Boyd still has room to improve draft stock

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Boyd still has room to improve draft stock

Tyler Boyd  is projected to be anywhere between a first and a third round pick in the NFL Draft.  Wenhao Wu | Senior Staff Photographer

Tyler Boyd is projected to be anywhere between a first and a third round pick in the NFL Draft. Wenhao Wu | Senior Staff Photographer

Tyler Boyd is projected to be anywhere between a first and a third round pick in the NFL Draft. Wenhao Wu | Senior Staff Photographer

Tyler Boyd is projected to be anywhere between a first and a third round pick in the NFL Draft. Wenhao Wu | Senior Staff Photographer

By Dan Sostek / Sports Editor

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When former Pitt wide receiver Tyler Boyd penned his farewell poem and left Pitt for the NFL draft, fans thanked the star wideout for his production.

As it turns out, Tyler Boyd will need to produce even more, as various draft scouts grade Boyd as a second- or third-round talent leading up to April’s NFL Draft.

Despite setting program records for career receptions and receiving yards and earning All-ACC marks in all three of his seasons at Pitt, it seems more likely than not that Boyd will have to wait until the second day of the draft to hear his name called.

While early on various sites had Boyd pegged as a potential first-round pick, his stock has slipped a bit due to increased scrutiny of his game tape, as well as a deep wide receiver draft class that includes University of Mississippi’s Laquon Treadwell, Ohio State’s Michael Thomas, Notre Dame’s Will Fuller and Texas Christian University’s Josh Doctson.

Like many prospects, scouts see different strengths in Boyd. Among his most apparent traits is his ability to run precise routes.

“Boyd has very good speed in his routes,” Matt Miller, lead NFL Draft writer at Bleacher Report, said. “But his ability to break off his routes at high speed and create separation is what separates him from other receivers in this class.”

In his most recent Big Board, Miller listed Boyd as his 38th-best player in the class, as well as his fifth-best wide receiver and top route runner.

While highlighting Boyd’s running precision, CBS Sports’ NFL Draft writer Dane Brugler noted that Boyd’s greatest strength might not be his feet, but his hands.

“This might sound simplistic, but Boyd’s best strength is his ability to catch the ball,” Brugler said. “A lot of wide receivers’ best strengths are their size or athleticism, but for Boyd, it’s his ability to pluck the ball with strong hands, using quick eyes and terrific sense of surroundings.”

Not everyone is as sold on Boyd. While agreeing that Boyd’s best traits are his routes and his hands, Pro Football Focus writer Steve Palazzolo noted that none of his abilities are elite enough to warrant early consideration.

“I’m not sure he does anything special, not enough that you’d take him in the first round,” Palazzolo said.

Palazzolo noted that he sees Boyd, who finished second in the ACC in receptions and receiving yards this year, as a second- to third-round pick.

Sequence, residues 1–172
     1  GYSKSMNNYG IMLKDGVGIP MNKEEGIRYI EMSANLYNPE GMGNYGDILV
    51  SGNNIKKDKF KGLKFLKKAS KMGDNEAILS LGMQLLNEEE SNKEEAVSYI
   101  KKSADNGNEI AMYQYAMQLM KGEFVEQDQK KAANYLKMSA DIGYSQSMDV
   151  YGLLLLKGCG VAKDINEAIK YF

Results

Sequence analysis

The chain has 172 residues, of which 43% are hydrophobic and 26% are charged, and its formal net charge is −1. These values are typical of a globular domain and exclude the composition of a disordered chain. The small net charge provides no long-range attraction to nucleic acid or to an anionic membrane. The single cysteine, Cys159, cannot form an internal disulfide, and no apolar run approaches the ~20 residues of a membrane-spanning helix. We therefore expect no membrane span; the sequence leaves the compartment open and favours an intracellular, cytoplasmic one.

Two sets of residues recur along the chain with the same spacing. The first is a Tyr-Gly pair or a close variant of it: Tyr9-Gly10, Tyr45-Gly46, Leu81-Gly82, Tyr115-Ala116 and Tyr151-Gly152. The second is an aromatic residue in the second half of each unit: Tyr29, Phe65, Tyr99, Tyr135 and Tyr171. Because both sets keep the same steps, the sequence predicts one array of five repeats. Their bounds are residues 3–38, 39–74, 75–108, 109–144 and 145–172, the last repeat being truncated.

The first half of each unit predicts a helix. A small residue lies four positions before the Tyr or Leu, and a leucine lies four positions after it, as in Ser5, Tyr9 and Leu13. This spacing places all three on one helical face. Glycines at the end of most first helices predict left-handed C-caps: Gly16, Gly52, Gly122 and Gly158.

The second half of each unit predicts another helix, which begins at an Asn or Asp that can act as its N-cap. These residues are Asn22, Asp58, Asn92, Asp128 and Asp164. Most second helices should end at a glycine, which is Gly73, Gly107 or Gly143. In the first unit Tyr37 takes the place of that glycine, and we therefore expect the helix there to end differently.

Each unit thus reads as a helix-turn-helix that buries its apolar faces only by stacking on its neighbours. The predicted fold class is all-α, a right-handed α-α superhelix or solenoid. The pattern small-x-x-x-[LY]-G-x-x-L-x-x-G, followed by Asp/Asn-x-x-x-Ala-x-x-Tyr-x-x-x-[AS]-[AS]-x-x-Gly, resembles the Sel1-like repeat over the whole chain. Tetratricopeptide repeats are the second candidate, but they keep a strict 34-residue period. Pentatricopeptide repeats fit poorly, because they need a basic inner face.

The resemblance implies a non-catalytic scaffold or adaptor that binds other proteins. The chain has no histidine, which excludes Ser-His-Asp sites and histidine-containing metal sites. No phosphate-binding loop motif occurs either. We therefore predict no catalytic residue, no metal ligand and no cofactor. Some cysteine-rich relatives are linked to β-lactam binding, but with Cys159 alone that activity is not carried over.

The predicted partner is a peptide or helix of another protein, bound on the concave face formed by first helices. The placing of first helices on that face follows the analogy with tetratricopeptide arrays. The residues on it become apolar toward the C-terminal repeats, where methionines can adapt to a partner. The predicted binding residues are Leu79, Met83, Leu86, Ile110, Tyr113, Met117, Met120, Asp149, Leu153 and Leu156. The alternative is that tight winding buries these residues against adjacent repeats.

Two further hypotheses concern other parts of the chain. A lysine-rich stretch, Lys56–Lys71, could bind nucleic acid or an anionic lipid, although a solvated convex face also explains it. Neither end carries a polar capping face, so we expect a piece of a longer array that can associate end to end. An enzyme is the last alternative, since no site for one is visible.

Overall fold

Boyd has some weaknesses too — primarily, his build. At 6-foot-2-inches, 185 pounds, his frame could be an issue for some teams, as NFL cornerbacks are bigger and more physical than most of their college counterparts.

“His top weakness is his underwhelming size,” Brugler said. “He has lean body features and limited functional strength to break tackles or take consistent punishment in the NFL.”

Miller mentioned Boyd’s frame as a potential issue for some teams, noting that it’s something Boyd should try to work on in the pre-draft process.

“I’d like to see him add some weight while staying in the 4.4 to 4.5 second range [for his 40-yard dash time],” Miller said.

Boyd’s 40-yard dash time will be critical, as speed is obviously valued at the wideout position. According to Palazzolo, this area is where Boyd can improve his stock most.

“I think if he somehow ran under 4.4, it would certainly turn a lot of heads,” Palazzolo said.

When looking at a fit for a specific team, Brugler and Palazzolo didn’t think a style of offense was significant for Boyd.

“At this point, most NFL teams’ passing schemes are pretty much the same,” Palazzolo said.

But Miller was able to list some specific teams where the wideout’s talents would fit in.

“I’d love to see him in a situation like New Orleans or St. Louis, where he can be the outside receiver in an offense that values yards after catch,” Miller said. “The ideal spot is New England, but they’ve not valued receivers early in the draft.”

Analysts have compared Boyd to various current NFL players, and Miller, Brugler and Palazzolo all provided different, but similar players. Brugler said Boyd reminded him of the Dolphins’ Jarvis Landry. Miller said he was “in the mold of” Broncos wideout Emmanuel Sanders, while Palazzolo compared him to the Giants’ Victor Cruz when he was in his prime.

Even though Boyd isn’t projected to go in the first round, his decision to enter the NFL Draft a year early was still sound, according to Palazzolo.

“Would another year of college weight training help him? I don’t know,” he said. “I think that if you’re in that second- to third-round range, [entering the draft] is usually a good move.”

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